“Bluff Shelters of the Arkansas Ozarks,” Dr. Jamie Brandon, Archaeologist, Tuesday, August 28, Boone Co. Library, 5:30 p.m.
August 28 @ 5:30 pm - 6:30 pm
Dr. Jamie Brandon is the archeologist stationed at the University of Arkansas, Fayetteville Research Station of the Arkansas Archeological Survey. He has been doing archeology in Arkansas since the 1990s and in his current role he is responsible for conducting excavations and public outreach for 12 counties in Northwest Arkansas and the Ozarks. In addition to these duties, Dr. Brandon currently serves as the Chair of the Arkansas State Review Board for Historic Preservation and the Past President of Preserve Arkansas, a state-wide non-profit that focuses on historic preservation.
One of the most interesting aspects of archeology in the Arkansas Ozarks is many dry bluff shelters and caves that have been intermittently occupied for 10,000 years. The dry conditions created in these caves and shelters provide a rare glimpse of the kinds of artifacts that usually rot in the wet climate of the Southeastern United States. Moreover these archeological sites are endangered historic places and were listed on Preserve Arkansas’s list of Most Endangered Places in 2004.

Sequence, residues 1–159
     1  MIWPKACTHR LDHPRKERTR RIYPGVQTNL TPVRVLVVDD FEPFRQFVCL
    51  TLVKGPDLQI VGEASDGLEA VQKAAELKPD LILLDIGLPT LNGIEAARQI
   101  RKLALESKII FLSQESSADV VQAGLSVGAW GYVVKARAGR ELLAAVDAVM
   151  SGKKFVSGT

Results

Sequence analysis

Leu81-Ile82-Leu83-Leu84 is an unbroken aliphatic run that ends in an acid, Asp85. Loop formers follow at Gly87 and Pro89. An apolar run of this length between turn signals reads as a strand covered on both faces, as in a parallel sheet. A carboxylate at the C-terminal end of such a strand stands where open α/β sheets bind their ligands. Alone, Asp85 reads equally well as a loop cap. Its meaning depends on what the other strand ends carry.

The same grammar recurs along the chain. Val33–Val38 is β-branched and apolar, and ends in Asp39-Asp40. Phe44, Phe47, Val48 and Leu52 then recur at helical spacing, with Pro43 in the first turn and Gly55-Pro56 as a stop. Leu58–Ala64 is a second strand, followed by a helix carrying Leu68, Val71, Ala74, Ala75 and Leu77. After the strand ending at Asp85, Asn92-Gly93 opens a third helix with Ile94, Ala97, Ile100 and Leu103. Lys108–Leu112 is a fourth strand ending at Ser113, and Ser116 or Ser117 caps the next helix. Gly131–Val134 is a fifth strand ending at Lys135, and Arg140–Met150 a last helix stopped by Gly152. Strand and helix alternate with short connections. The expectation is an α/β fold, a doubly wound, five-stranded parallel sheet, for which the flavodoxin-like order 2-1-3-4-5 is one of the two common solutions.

A few years ago, before this project was initiated, if someone searched for “Ozark bluff shelter” or “Ozark bluff dweller” they would have gotten links to a couple tourist caverns, some rental cabins and, a few entries down the list, a link to book about archeology done in the Ozarks in 1922. There was virtually nothing on-line that communicated to the public what it is that modern archeologists have found out about this important resource after almost 100 years of research.